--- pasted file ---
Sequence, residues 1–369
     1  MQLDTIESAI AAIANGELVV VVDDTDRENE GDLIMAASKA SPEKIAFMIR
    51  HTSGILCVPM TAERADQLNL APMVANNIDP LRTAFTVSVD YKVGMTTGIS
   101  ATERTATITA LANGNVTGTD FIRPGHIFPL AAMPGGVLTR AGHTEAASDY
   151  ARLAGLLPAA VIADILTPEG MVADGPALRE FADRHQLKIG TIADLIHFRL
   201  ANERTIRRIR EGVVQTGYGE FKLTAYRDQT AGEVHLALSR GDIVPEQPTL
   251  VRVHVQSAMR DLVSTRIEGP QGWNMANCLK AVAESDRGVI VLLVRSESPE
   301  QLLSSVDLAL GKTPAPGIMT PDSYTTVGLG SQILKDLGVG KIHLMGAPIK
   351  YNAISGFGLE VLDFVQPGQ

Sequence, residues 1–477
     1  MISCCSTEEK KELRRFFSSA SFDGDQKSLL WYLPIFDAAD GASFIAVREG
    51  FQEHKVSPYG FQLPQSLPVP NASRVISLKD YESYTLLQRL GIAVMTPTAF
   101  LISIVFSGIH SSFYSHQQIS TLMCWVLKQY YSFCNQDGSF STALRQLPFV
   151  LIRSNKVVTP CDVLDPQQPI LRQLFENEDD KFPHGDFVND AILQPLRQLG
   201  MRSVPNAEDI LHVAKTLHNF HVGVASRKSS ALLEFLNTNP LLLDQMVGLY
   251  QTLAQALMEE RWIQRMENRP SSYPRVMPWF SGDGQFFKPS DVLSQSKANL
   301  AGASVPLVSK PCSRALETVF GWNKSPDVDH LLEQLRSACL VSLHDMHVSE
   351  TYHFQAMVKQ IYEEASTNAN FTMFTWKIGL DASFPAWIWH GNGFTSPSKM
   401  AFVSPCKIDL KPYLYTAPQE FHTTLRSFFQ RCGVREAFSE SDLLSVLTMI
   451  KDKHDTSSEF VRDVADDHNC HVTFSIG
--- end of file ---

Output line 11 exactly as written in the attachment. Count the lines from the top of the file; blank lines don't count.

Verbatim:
     1  MISCCSTEEK KELRRFFSSA SFDGDQKSLL WYLPIFDAAD GASFIAVREG